THINGS AS THEY ARE; OR, THE ADVENTURES OF CALEB WILLIAMS ... The Second Edition Corrected. William Godwin.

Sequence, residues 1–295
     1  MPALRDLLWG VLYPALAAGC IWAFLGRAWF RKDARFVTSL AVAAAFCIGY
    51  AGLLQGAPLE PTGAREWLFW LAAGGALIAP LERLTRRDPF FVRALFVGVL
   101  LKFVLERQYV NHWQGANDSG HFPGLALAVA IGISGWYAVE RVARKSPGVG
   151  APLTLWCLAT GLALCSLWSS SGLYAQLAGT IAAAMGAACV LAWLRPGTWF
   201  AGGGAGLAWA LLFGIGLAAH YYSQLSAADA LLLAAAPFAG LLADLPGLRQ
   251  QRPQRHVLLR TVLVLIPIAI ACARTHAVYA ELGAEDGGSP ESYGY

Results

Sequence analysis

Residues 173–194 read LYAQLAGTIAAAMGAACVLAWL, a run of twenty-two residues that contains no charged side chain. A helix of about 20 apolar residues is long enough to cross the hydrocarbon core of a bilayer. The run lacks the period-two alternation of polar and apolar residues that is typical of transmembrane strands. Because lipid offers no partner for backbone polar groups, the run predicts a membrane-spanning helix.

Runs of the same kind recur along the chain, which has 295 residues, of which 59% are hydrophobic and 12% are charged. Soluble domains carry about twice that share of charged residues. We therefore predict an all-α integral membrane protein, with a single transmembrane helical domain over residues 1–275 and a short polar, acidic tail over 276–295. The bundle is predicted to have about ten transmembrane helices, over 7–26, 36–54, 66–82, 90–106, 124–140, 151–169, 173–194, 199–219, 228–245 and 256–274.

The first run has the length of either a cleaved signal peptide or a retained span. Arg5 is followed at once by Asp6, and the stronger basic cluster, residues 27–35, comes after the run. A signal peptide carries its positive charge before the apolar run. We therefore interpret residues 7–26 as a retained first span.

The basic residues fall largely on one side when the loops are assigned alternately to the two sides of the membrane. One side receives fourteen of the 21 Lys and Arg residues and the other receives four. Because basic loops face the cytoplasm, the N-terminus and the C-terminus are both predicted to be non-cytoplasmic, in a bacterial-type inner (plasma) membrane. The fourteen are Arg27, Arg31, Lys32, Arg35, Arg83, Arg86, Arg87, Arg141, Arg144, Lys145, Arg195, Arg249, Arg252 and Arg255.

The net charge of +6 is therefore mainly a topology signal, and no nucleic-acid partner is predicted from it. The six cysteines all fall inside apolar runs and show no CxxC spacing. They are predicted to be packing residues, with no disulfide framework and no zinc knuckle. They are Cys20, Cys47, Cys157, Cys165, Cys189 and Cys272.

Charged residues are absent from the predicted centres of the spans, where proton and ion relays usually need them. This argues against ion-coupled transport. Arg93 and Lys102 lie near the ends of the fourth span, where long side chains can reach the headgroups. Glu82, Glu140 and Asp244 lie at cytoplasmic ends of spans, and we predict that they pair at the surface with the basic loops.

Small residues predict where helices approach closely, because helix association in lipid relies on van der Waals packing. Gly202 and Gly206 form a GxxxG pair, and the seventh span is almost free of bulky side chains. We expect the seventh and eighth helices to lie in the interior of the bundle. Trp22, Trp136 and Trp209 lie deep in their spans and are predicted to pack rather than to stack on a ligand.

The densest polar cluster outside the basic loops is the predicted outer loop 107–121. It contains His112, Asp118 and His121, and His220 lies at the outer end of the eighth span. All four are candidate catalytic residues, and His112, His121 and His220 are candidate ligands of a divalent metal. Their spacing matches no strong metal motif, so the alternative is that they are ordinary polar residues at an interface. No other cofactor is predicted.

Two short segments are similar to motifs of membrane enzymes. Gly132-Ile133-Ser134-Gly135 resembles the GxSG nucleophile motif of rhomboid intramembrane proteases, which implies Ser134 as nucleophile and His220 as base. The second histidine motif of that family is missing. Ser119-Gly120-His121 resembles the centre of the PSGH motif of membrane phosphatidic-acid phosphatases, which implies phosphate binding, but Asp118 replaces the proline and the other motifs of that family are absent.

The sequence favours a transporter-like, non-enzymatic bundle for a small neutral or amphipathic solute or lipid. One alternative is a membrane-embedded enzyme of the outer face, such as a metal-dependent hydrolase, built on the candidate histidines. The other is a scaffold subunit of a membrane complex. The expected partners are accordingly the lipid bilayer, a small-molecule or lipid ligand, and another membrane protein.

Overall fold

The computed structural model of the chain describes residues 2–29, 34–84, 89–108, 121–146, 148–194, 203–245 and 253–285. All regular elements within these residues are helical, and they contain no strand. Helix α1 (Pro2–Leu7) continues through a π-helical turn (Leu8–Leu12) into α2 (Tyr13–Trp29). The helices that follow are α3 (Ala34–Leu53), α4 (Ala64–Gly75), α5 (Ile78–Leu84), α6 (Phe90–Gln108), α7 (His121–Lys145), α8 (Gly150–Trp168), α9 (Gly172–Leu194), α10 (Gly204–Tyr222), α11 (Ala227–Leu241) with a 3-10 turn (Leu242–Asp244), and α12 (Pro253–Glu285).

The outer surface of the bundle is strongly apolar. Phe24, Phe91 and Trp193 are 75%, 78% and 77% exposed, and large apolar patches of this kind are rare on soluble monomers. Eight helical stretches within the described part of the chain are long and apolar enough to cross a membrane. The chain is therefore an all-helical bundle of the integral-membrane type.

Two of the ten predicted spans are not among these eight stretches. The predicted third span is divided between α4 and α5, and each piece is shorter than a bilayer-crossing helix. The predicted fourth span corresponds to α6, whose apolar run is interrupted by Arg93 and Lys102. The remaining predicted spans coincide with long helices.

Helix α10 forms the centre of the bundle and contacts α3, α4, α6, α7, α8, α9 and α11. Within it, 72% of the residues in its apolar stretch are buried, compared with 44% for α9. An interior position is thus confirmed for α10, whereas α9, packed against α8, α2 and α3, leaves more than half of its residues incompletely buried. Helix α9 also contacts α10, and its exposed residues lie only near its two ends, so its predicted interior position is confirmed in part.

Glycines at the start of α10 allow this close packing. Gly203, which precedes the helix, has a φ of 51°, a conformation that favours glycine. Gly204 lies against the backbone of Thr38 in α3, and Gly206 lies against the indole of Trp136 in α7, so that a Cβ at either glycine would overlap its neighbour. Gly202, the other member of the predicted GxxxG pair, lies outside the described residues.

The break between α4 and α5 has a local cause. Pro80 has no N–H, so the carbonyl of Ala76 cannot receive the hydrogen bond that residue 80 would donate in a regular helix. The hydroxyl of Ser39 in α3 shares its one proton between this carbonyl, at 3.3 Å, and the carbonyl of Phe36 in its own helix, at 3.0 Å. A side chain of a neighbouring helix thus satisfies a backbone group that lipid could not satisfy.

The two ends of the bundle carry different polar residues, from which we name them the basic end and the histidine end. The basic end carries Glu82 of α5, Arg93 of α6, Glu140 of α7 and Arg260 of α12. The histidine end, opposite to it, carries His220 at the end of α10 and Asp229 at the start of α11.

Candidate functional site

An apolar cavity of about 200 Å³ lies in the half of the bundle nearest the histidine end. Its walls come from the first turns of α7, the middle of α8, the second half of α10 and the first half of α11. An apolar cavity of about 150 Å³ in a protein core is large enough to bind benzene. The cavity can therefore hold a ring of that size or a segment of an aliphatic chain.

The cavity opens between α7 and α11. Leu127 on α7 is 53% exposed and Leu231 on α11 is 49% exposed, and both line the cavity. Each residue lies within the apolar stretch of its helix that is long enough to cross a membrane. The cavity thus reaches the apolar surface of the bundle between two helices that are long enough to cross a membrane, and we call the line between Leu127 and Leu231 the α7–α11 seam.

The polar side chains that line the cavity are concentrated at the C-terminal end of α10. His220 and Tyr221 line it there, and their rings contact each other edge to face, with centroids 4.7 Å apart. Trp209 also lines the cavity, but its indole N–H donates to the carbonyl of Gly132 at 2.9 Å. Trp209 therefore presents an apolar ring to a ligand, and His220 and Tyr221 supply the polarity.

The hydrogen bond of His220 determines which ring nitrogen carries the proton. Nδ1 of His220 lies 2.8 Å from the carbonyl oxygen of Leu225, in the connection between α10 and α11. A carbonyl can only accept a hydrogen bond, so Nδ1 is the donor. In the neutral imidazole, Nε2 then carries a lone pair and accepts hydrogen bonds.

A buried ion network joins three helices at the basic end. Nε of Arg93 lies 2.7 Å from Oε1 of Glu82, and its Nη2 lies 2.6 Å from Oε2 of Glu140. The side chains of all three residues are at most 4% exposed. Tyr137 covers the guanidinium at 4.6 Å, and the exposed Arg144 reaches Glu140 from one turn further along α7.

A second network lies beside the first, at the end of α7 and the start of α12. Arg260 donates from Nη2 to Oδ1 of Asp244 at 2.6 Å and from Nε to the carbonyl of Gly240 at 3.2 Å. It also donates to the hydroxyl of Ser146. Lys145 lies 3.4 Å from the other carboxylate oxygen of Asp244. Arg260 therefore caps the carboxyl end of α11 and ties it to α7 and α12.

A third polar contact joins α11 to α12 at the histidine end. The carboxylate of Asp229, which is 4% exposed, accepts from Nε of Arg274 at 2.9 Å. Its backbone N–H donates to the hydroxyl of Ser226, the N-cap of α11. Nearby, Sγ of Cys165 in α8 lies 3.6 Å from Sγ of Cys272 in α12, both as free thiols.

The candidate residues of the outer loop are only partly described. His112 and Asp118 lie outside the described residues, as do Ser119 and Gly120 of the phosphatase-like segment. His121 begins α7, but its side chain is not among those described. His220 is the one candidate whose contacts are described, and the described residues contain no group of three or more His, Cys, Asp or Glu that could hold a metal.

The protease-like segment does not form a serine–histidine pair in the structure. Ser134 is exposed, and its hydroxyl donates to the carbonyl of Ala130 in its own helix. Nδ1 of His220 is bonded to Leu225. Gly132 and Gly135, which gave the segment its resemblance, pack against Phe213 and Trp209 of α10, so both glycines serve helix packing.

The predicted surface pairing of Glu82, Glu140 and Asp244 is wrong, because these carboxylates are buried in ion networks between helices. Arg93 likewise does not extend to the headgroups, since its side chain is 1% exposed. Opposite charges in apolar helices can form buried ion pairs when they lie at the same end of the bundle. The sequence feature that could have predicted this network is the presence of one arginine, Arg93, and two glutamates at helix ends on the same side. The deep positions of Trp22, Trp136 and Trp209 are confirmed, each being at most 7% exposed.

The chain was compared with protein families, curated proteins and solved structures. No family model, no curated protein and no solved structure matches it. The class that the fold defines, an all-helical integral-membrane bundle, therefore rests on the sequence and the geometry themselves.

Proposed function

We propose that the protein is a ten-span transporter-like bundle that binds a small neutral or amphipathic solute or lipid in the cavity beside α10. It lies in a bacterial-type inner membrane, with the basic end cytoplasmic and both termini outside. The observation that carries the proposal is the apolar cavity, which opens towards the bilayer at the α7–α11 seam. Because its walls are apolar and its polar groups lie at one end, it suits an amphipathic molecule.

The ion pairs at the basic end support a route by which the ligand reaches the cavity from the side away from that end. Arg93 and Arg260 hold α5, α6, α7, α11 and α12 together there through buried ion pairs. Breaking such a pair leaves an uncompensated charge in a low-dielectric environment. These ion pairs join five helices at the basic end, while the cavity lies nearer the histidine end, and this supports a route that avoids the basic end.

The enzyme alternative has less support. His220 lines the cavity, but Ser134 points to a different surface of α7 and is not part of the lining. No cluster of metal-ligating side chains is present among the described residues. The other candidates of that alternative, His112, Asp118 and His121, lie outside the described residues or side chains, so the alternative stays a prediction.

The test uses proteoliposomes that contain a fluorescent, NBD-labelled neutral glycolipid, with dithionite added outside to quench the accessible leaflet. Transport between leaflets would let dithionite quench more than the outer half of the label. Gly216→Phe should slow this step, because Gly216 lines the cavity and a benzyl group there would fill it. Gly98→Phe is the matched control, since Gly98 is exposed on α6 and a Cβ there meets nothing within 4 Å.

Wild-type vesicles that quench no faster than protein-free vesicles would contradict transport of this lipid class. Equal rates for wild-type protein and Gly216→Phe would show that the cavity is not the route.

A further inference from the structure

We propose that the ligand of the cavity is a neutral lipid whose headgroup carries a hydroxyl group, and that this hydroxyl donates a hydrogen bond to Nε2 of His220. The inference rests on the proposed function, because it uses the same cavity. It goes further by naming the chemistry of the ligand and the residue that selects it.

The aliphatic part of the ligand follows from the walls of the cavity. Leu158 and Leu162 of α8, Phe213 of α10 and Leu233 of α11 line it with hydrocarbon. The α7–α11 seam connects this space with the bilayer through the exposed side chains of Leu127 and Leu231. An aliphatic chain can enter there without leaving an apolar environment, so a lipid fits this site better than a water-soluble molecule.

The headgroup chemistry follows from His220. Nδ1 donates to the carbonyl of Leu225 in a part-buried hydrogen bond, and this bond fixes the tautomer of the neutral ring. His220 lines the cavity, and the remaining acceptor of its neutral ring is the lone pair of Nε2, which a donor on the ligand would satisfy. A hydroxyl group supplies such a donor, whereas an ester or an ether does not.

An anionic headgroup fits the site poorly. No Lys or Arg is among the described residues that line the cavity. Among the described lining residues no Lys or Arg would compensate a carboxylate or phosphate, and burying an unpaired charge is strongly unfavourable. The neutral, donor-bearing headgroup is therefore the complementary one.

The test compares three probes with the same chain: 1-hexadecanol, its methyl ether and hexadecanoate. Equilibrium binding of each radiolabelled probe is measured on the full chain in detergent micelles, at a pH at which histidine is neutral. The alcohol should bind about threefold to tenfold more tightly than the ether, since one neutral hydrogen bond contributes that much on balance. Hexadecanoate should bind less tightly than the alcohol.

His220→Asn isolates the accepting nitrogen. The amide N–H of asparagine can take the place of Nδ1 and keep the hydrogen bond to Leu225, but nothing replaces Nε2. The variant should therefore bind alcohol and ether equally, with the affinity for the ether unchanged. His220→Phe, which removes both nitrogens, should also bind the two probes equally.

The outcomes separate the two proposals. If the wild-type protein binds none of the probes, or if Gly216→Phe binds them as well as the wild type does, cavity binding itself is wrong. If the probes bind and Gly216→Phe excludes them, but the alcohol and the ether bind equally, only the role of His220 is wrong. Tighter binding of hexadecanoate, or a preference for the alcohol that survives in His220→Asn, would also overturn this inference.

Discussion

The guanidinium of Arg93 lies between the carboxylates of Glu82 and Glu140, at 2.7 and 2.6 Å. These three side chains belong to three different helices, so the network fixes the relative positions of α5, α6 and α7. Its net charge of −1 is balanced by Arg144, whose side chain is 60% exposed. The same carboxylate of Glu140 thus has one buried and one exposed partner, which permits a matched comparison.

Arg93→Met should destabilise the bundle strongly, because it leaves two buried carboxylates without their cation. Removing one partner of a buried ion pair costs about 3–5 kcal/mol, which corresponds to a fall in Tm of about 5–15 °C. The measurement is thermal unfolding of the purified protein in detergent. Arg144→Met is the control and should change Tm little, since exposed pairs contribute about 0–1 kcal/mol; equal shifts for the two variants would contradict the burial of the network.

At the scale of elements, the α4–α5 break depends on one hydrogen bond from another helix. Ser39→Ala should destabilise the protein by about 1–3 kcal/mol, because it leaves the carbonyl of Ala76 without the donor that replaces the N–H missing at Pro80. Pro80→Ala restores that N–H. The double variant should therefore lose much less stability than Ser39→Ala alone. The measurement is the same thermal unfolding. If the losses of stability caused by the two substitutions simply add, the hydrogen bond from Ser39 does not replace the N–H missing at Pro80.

THINGS AS THEY ARE; OR, THE ADVENTURES OF CALEB WILLIAMS ... The Second Edition Corrected. London: Printed for G. G. and J. Robinson, Patternoster-Row, 1796. 12mo, three volumes: pp. [i-v] vi-vii [viii] [1] 2-293 [294: blank]; [i-iv] [1] 2-285 [286: blank]; [i-iv] [1] 2-312, half title leaf present in each volume, nineteenth century three-quarter leather and marbled boards, spine panels lettered and tooled in gold. Second edition, corrected. Besides incorporating textual corrections, this edition includes a preface by Godwin intended for the first edition but omitted because it alarmed booksellers. A landmark early novel that stands at the intersection of several genres. It is the first detective novel, chronicling the dogged investigative efforts (and consequent suffering) of an employee of an aristocratic English murderer. It is a Gothic, and probably the first one to transplant the essential mood of Gothicism (bondage, oppression, imprisonment) to contemporary events that are stripped of the usual outer accouterments of the genre. It is a novel of ideas, not surprisingly, given the stature of its author, a leading radical theorist of the day, husband of the "first feminist" Mary Wollstonecraft, friend of Percy Shelley, father of Mary Shelley. It is moreover a rousing adventure novel, a story of pursuits and escapes. It has also been called the first psychological novel, revealing its author's "fascination by the entanglement of human motives" (McCracken, Introduction to Norton edition, p. vii). An early critic, William Hazlitt, proclaimed, "... no one ever began CALEB WILLIAMS that did not read it through; no one that ever read it could possibly forget it, or speak of it after any length of time but with an impression as if the events and feelings had been personal to himself." (ibid.). One of the cornerstones of popular fiction. See Birkhead, "Godwin and the Rosicrucian Novel" in her The Tale of Terror, pp. 100-27. Barron (ed), Horror Literature 1-32. Block, The English Novel 1740-1850, p. 85. Clute and Grant (eds), The Encyclopedia of Fantasy, p. 416. Jones and Newman (eds), Horror: 100 Best Books, no. 4. Birkhead, The Tale of Terror, esp. pp. 86-93. Lovecraft, Supernatural Horror in Literature, p. 38. Summers, A Gothic Bibliography, p. 532. Tymn (ed), Horror Literature 1-128. Barzun and Taylor, A Catalogue of Crime 1002. Hubin (1994), p. 332. Leather scuffed at edges, a few scuffs to boards, a very good copy. An important edition of this novel. (#136818).

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